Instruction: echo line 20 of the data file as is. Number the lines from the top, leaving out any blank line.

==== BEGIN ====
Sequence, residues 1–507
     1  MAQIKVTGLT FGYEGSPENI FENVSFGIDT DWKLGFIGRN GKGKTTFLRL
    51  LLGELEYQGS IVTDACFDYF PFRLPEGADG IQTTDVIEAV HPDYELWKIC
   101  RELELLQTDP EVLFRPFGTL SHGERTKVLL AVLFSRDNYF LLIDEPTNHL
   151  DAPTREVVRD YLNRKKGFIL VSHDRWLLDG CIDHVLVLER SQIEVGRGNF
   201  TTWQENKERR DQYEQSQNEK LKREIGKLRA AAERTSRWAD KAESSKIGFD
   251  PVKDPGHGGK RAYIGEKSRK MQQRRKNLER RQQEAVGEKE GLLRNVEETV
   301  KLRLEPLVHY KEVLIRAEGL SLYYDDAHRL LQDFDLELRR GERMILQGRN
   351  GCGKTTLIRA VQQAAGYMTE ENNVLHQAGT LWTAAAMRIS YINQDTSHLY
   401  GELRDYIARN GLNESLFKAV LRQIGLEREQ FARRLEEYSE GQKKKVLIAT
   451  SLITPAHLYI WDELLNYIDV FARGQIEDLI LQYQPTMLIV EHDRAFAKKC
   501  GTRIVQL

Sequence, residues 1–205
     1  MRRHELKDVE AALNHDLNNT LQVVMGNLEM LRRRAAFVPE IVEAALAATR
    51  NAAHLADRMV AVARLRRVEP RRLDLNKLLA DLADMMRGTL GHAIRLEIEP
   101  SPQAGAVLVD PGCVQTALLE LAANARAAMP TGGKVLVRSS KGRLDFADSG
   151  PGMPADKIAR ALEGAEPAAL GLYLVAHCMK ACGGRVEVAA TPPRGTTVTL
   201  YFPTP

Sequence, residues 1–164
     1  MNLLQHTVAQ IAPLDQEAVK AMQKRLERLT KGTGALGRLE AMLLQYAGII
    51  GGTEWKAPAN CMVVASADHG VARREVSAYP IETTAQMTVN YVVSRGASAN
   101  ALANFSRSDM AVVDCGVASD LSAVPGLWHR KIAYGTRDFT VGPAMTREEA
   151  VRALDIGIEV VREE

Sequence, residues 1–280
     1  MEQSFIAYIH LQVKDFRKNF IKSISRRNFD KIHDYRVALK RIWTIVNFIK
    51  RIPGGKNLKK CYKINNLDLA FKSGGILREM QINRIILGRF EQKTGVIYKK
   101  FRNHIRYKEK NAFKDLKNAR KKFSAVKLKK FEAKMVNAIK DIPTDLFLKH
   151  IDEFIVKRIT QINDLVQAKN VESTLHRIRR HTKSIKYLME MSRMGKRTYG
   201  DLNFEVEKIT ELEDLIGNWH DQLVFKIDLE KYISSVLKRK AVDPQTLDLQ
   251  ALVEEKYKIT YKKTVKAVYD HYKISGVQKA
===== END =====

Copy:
     1  MNLLQHTVAQ IAPLDQEAVK AMQKRLERLT KGTGALGRLE AMLLQYAGII